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. 2017 Oct 10;12(10):e0185964.
doi: 10.1371/journal.pone.0185964. eCollection 2017.

Lactobacillus Rhamnosus PB01 (DSM 14870) Supplementation Affects Markers of Sperm Kinematic Parameters in a Diet-Induced Obesity Mice Model

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Free PMC article

Lactobacillus Rhamnosus PB01 (DSM 14870) Supplementation Affects Markers of Sperm Kinematic Parameters in a Diet-Induced Obesity Mice Model

Fereshteh Dardmeh et al. PLoS One. .
Free PMC article

Abstract

Probiotics have been proposed as alternatives to pharmacological products in several medical conditions including the modulation of obesity, which is frequently associated with poor semen quality. However, effects of probiotics on male fertility have been less investigated. This study assessed the effect of Lactobacillus rhamnosus PB01 (DSM-14870) on sperm kinematic parameters in Normal-weight (NW) and diet-induced obese (DIO) models. NW and DIO C57BL/6NTac mice were divided into two subgroups with or without a single daily dose (1x109CFU) of L. rhamnosus for four weeks. Sperm motility and kinematics together with blood lipid profiles and reproductive hormone levels were assessed using the sperm class analyzer system. Probiotic supplementation increased serum testosterone, LH and FSH levels in both NW and DIO groups resulting in significantly (P<0.05) higher velocity (VSL, VCL and VAP) and percentages of progressively motile sperm and significantly lower percentages of immotile sperm. Other kinematic parameters (Lin, STR, ALH and BCF) were also increased in both probiotic supplemented DIO and NW groups at the 10% level of significance. Probiotic supplemented DIO mice demonstrated significantly higher percentages of progressively motile sperm versus DIO controls. This study demonstrated the potential of L. rhamnosus PB01 as a regulatory agent with positive effects on weight loss and reproductive-hormones, significantly improving sperm motility and kinematic parameters in male DIO models.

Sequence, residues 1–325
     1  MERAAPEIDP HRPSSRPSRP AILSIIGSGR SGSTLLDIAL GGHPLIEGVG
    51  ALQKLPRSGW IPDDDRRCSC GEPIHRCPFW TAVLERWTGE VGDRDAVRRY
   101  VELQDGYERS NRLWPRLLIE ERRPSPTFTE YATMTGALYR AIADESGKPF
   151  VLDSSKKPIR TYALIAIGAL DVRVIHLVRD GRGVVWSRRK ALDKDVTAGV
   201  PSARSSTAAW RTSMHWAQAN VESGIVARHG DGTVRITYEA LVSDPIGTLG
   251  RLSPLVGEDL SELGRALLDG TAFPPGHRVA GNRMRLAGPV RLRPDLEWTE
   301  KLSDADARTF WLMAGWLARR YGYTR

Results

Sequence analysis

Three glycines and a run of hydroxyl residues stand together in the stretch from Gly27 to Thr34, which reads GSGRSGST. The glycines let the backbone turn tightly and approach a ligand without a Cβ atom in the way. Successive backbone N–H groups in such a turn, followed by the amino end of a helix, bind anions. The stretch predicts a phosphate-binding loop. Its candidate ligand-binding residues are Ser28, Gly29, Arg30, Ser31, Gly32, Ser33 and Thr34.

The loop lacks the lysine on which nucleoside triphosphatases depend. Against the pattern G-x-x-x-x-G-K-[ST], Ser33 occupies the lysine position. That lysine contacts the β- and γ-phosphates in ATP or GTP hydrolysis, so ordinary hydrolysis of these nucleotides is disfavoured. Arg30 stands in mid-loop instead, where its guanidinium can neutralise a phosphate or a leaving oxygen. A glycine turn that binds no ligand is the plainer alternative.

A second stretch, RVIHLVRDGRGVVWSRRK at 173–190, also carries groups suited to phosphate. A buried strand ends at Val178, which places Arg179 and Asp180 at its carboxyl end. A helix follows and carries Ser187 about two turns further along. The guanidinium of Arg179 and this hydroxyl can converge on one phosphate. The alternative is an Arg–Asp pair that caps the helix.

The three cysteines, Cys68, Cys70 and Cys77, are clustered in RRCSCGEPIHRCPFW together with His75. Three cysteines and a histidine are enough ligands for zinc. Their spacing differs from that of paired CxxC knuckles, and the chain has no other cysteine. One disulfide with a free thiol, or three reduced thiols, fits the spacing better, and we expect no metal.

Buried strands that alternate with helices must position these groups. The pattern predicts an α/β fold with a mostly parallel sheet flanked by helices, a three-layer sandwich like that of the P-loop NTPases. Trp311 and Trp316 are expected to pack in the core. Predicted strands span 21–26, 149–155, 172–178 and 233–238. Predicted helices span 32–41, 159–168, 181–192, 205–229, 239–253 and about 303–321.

Conflict of interest statement

Competing Interests: EB is affiliated and employed at the Research and Development department of Bifodan A/S. This commercial affiliation does not alter our adherence to PLOS ONE policies on sharing data and materials.

Figures

Fig 1
Fig 1. Study design and groups.
Fig 2
Fig 2. The estimated marginal means of percentage of immotile, non-progressively motile, progressively motile and hyperactivated (% of motile) sperm in groups fed on normal diet (ND), high fat diet (FD), normal diet with probiotic supplementation (NDPR) and fat diet with probiotic supplementation (FDPR).
Data are presented as means and bars indicate SD. Similar letters demonstrate significant difference (P < .05).
Fig 3
Fig 3. Box and whisker plots demonstrating the total average sperm kinematic parameters (Curvilinear velocity (VCL), Average path velocity (VAP), Straight-line velocity (VSL), Beat cross frequency (BCF), Amplitude of lateral head displacement (ALH), Linearity of a curvilinear path (LIN), Straightness (STR), Wobble (WOB) in mice fed normal diet (ND), high fat diet (FD), normal diet with probiotics (NDPR).
* demonstrate significant pairwise differences (P<0.05).

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MeSH terms

Grant support

This study was supported by internal funding from the "Department of Health Science and Technology", Aalborg University, Aalborg, Denmark. The sperm class analyzer (SCA) computer aided sperm analysis (CASA) system was provided by a fund from Ferring pharmaceuticals to Aalborg University Hospital (H.I.N). Bifodan A/S provided the probiotic supplements used in this study. EB is employed at the Research and Development department of Bifodan A/S. EB provided scientific input on the preparation and use of the probiotics but did not have any additional role in the study design, data collection and analysis, decision to publish, or preparation of the manuscript. This commercial affiliation does not alter our adherence to PLOS ONE policies on sharing data and materials. The funders ("Ferring pharmaceuticals" and "Bifodan A/S") provided support only in the form of the mentioned materials and instruments used in the study, but did not have any additional role in the study design, data collection and analysis, decision to publish, or preparation of the manuscript. The specific roles of these authors are articulated in the 'author contributions' section.
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